Chinese currency changes direction & depreciates

2008/12/04 in Tumblr blog imports

Its interesting how quickly trends can change.  Back in August of this year, I posted an article here on GloboTrends about the massive one-way bet investors were making on the appreciation of the Chinese currency.   Back then I wrote:

“Word of caution to investors:  If a shakeout ever does occur, and if foreign capital no longer sees China as a one-way bet on currency appreciation, there will likely be many local Chinese companies that will fail as they will see cheap and easy credit evaporate.  If you’re investing in China, be aware of the influence that this massive influx of foreign capital is having on Chinese banks, and their lending practices, and watch out for indicators that will surely come if the financial tides change…”

Back then, the chance of Chinese Renminbi depreciation seemed remote.  But earlier this week that momentum suddenly shifted direction, and the Chinese currency depreciated by nearly 1% in one day, the largest one-day drop in three years.

This wasnt the first time that a “sure-thing” bet on a currency movement turned out to be dramatically wrong.  A similar sudden reversal in currency direction occurred earlier this year with Vietnam, where international calls for allowing the currency to appreciate were suddenly replaced by fears of large scale depreciation.

But what is happening in China?  Is this the beginning of a new trend toward a weaker currency?  Is the move natural or state-induced?   Will this mark the beginning of protectionism?  Please join us in the forum for more discussion

A new fear enters the picture…

If in fact we are witnessing a change in Chinese currency direction, then that could have two effects.  One is internal to China where local manufacturers will be happy.

The other is with foreign investors that have invested in China with “hot money” hoping to take advantage of the rising currency (as was universally expected only a few months ago). They clearly would be alarmed if the expectation would arise of further Chinese currency depreciation as it would reduce their expected gains of investing in China.

Expectations are key.  The new danger is that If the currency direction is expected to depreciate, then foreign investors might desperately try to get their money out of China.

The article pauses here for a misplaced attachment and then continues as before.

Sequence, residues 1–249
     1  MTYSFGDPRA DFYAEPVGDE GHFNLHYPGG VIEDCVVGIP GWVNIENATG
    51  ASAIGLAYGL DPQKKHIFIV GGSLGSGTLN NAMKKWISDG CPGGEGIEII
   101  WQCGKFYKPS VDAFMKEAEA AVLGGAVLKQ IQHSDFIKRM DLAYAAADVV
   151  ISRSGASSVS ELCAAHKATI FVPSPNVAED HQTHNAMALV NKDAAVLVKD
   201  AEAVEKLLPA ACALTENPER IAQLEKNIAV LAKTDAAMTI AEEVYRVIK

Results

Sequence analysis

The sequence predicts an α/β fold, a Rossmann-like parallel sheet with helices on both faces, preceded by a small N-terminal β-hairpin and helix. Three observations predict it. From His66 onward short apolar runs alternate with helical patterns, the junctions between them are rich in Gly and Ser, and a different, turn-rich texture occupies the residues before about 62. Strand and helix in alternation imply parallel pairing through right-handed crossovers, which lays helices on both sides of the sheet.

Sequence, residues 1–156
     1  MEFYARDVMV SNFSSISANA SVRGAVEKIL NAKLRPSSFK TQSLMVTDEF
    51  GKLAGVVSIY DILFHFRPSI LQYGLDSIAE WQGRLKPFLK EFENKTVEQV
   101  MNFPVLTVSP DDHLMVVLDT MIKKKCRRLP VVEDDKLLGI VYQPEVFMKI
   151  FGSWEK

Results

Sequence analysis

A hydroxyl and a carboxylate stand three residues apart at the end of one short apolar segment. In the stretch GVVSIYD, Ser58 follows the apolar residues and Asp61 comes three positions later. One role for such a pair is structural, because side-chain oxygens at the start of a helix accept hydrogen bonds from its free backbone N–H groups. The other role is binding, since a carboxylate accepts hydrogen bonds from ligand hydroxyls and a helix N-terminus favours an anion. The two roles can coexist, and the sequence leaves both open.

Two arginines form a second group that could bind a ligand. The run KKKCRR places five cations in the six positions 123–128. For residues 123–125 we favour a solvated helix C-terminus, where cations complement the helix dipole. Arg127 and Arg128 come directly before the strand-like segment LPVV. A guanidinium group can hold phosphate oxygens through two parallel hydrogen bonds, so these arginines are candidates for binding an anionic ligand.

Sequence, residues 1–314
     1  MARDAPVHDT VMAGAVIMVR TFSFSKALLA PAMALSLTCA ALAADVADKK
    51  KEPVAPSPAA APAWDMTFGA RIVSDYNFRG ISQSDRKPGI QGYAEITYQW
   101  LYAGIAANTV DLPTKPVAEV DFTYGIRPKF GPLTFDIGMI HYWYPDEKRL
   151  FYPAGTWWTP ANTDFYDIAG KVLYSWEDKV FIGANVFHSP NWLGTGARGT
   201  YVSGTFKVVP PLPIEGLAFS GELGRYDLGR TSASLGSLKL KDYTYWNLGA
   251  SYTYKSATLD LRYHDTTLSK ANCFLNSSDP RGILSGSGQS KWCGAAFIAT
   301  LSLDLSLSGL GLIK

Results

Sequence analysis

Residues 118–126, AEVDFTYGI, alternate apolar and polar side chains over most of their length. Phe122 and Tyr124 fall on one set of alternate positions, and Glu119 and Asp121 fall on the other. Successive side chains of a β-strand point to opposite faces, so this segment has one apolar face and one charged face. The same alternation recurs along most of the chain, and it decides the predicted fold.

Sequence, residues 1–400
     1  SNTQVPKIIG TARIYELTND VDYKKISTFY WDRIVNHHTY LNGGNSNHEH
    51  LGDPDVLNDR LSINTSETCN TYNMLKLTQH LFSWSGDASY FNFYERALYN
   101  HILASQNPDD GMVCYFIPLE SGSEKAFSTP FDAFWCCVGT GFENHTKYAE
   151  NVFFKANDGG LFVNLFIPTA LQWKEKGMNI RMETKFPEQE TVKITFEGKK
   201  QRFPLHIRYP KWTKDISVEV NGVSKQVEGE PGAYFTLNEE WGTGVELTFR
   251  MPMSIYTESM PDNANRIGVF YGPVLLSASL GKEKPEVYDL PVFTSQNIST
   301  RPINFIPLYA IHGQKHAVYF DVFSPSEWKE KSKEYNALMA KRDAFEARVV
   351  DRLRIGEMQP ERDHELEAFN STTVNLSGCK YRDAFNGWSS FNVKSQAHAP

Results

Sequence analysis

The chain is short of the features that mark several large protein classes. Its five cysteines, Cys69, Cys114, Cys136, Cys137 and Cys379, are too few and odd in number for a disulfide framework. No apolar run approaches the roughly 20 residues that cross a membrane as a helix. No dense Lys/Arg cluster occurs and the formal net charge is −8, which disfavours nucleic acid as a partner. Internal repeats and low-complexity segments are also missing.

Not that its easy to get money out of China, what with all of the capital controls in place .  But, if they did. find a way.. then future expectations of depreciation could cause real capital flight, potentially pushing the Renminbi down for real (supply and demand based movement).  If that were to happen,  the Chinese government could interfere to defend the currency.  Rather than defending the currency by purchasing US Treasuries (as they do now), this scenario would imply SELLING US treasuries (putting downward pressure on the Dollar, rather than propping it up).  Ben Simpfendorfer at Royal Bank of Scotland was quoted in a recent FT article estimating that this risk could be quantified at $300 billion if this trend were to take shape.

Discuss in our forum here

On the Other hand…Why the Renminbi depreciation may not be worrisome..  Perhaps China’s recent surprise devaluation is not due to an official change in policy, but might be just a correction related to appreciation concerns due to ties with the US dollar (which as made Chinese exports more expensive relative to Korean ones, for example)  So, there may be good justification for allowing (engineering) a depreciation of the Renminbi vs the US dollar (especially since the Dollar has appreciated during this crisis).

Also, its possible that the Chinese will limit the depreciation to just compensate (partially) for the 20% appreciation their currency has seen vs the dollar over the past 3 years.

To see it from the Chinese perspective, its easy to understand why they would want to boost production and stimulate their economic activity at this time.  Many analysts seems to agree that China needs 6% or more GDP growth in order maintain social stability.  But, with the global market slowing down dramatically, China suddenly is at risk of slowing down below this threshold.  While no one really knows if this 6% GDP growth figure is accurate, it appears as if the Chinese government is willing to do anything to avoid testing this limit.

Danger of a Trade War:

The fear is that this might include policies to depreciate the currency in order to drive export growth.  If that were to happen, it could spark competitive devaluations among many SE Asian exporting nations for fear of losing competitiveness in their export markets.  It could also lead to trade retaliation from the US and Europe, leading to an all-out trade war.

As we speak, Hank Paulson is arriving in China and is expected to (once again) pressure the Chinese to allow their currency to appreciate vs the US dollar.  This time, however, Mr Paulson is with an outgoing administration, and is unlikely to have much success in negotiating concessions from the Chinese.  Recent reports even indicate that the Chinese are lecturing Mr Paulson about how to fix the US economy (my, how times are changing!).

Video: China’s Currency Outlook

Marc Chandler, global head of currency strategy at Brown Brothers Harriman & Co., explains why China allowed the yuan to depreciate Monday and whether further depreciation is on the cards. Interview with MarketWatch’s Polya Lesova. (Dec. 1)


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  1. Changes are happening in China
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  4. China internet industry
  5. China market entry strategy
  6. China trade data
  7. China’s stockmarket
  8. Doing business in China
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  10. Real estate market in China
  11. Rising importance of China
  12. Venture Capital in China

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